In this series on credit, we’ve taken a look at understanding the basics of a credit score and methods to boost your score.  This post will teach you strategies for protecting it, and finally the series will end with a Q&A session with Jessica, a Mortgage Banking Officer with BBVA Compass.


Either you have a great credit score or you are working hard to get one.  Keep moving in the right direction by actively protecting your credit and corresponding score.  Protecting your credit is really a two-part quest.  First, you need to keep up the positive credit habits you found out about in Part I and Part II of this series on Credit.   The second step is protecting it from all the bad guys out there who want to get their hands on your credit.

Practice Good Credit Habits

Since you already know the elements of a credit score, think about how your actions can affect your score.  If you have a good score, you can easily protect it by paying your bills on-time and not maxing out your cards.  If you are working with a business who asks for your SSN, ask them what they are going to do with it.  Ask them if they are going to do a hard or soft pull.  Think about what you are pursing and if it’s really worth it to you to have a hard pull go on your credit report.

Keep Close Tabs Your Credit Report

By law, you’re entitled to one free credit report, every year, from each of the three credit reporting agencies (Equifax, Experian and TransUnion).  Pick a date, mark your calendar and pull your free credit report every year.  It’s easy to do and it literally takes five minutes.  You can get all three reports from the same site:

The will show you just your credit reports.  However, my personal favorite is  Credit Karma lets you view your credit score and report from both TransUnion and Equifax.  What I really like about it is that it shows you what specific factors are helping or hurting your score and/or credit report.

I don’t use a credit monitoring service because I feel that I can closely monitor my own credit.  In addition to pulling my annual credit report and using Credit Karma, all three of my credit cards provide a monthly credit score.  Every month when I review my statement, I take a peek at my credit score.  It’s an easy way for me to keep tabs on my score and watch out for anything fishy.  If you’ve recently been a victim of identity theft or you’re the type of person who just isn’t going to keep tabs on their credit, maybe you would benefit from credit monitoring.

Secure Your Online Accounts

No matter how careful you are, it’s almost impossible to have never been targeted by online hackers.  Whether it’s your work goofing up and releasing a list of employee SSNs, your favorite online retailer gets hacked along with your password, or spammers are trying to trip you up with their sneaky e-mails, you need to be constantly vigilant of your online info.

My employer recently taught a class on strong passwords.  We learned that the hackers who are trying to crack your password are often just using brute force methods where their software tries every possible combination to figure out your password.  Passwords with over 20 characters are harder to crack.  A normal sentence can be used as a password on many sites.  For example, “I got friends in low places!” is a secure password.  You can up the ante by using “I g0t friend$ in low places!”  If the site you are logging into won’t let you use a long password, try a password without dictionary words, for example, iG0filp!  This example is case-sensitive, uses number, letters and special characters, and doesn’t have any dictionary words.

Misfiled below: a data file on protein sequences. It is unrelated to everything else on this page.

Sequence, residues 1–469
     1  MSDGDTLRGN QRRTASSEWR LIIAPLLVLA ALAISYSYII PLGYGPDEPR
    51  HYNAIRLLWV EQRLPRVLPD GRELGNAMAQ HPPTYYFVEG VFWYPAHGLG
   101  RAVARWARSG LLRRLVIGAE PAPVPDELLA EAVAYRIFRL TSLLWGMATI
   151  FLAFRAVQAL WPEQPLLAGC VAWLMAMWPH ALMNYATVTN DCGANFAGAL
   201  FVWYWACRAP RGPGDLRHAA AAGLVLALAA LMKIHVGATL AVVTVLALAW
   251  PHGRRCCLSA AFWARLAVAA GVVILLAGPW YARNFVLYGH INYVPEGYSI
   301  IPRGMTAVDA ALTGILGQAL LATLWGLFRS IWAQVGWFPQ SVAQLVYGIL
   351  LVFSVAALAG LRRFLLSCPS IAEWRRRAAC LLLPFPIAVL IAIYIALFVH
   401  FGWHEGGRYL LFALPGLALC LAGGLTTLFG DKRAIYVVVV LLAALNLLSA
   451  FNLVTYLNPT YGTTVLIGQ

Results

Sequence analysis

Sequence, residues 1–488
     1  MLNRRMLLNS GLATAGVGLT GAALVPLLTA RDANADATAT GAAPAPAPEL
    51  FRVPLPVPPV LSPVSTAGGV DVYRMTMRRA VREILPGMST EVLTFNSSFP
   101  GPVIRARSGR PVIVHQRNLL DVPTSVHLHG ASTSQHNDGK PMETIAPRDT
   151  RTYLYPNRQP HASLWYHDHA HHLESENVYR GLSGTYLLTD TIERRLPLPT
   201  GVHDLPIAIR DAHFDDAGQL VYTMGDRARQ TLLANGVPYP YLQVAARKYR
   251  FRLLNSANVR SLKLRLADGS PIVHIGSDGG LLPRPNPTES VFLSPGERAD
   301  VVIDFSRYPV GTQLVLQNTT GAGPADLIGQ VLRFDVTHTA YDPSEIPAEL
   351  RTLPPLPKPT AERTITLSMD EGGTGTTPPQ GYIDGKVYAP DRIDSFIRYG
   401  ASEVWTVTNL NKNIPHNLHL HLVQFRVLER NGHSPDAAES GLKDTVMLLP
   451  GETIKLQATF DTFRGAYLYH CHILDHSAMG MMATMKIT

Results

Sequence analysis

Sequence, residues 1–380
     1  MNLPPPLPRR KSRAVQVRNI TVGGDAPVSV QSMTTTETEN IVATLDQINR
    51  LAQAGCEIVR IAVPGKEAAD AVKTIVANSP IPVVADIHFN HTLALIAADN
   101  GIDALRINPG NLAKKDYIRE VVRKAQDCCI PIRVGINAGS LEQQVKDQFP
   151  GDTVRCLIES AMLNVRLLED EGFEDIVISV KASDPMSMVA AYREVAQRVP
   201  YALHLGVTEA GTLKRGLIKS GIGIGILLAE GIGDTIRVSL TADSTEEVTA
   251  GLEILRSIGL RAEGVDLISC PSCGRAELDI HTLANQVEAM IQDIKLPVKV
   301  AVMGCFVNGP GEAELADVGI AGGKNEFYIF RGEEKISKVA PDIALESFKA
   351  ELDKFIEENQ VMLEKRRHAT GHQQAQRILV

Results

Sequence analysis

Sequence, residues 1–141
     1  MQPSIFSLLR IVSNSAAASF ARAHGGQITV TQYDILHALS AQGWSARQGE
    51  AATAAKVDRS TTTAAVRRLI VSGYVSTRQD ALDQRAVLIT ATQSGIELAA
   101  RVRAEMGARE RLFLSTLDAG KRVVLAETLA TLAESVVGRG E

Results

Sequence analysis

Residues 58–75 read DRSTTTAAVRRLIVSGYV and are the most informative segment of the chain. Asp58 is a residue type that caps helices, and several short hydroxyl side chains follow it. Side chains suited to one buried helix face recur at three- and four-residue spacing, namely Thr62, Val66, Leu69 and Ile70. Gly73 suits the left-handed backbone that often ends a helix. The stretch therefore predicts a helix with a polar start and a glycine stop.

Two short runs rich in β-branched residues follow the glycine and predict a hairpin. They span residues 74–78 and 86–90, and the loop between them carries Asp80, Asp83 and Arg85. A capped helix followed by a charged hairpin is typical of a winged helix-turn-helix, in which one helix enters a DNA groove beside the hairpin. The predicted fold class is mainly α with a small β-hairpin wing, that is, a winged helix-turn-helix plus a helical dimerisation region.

Be Careful With Personal Information

When you are finished with sensitive documents that have things such as social security numbers, account information, and other Personally Identifiable Information (PII), get rid of it safely.  Use a shredder, black it out with a sharpie, burn it, whatever, but don’t just crumple it up into a ball and trash it.

Bad guys aren’t always after your old data either.  My brother’s USAA accounts were drained after a thief stole the outgoing mail he had put in his mailbox the night before.  Although he normally banks online, he was making the first mortgage payment on his new home and the thieves got their hands on lots of his USAA account information.  You can combat incidents like this by going paperless or by using secured USPS mailboxes instead of your personal mailbox when you have outgoing mail with sensitive information.

Protect Your Child’s Credit

Initially I thought it would be ideal to lock my son’s credit until he’s ready to start using credit on his own when he’s older.  However, I learned that the credit bureaus do not knowingly keep credit reports for minors since they should not have any credit history.  If for some reason, they do have a credit file you can add a fraud alert or freeze your child’s credit file until the time comes when they are ready to reopen it.

Expert opinions differ on whether or not it’s better to freeze a minor’s account (which might mean creating a credit report) or not having a credit file at all for your child.  If someone tries to open credit with your child’s SSN, a lender should see that they are not only a minor via their birthdate but another red flag would be that they have never had credit, thus there is no report.  If your child has been a victim of credit fraud, it’s important to get their report cleaned up and after that time, putting a freeze on it would be helpful.  Each of the three credit reporting bureaus have information on how to find out if your child has a credit report and if so, instructions on how to freeze it.

Next week, we’ll hear from Jessica, a Mortgage Banking Officer from BBVA Compass on her expert advice on credit scores and home mortgages.  If you have specific questions you’d like Jessica to answer, send them into me and we’ll get them answered!




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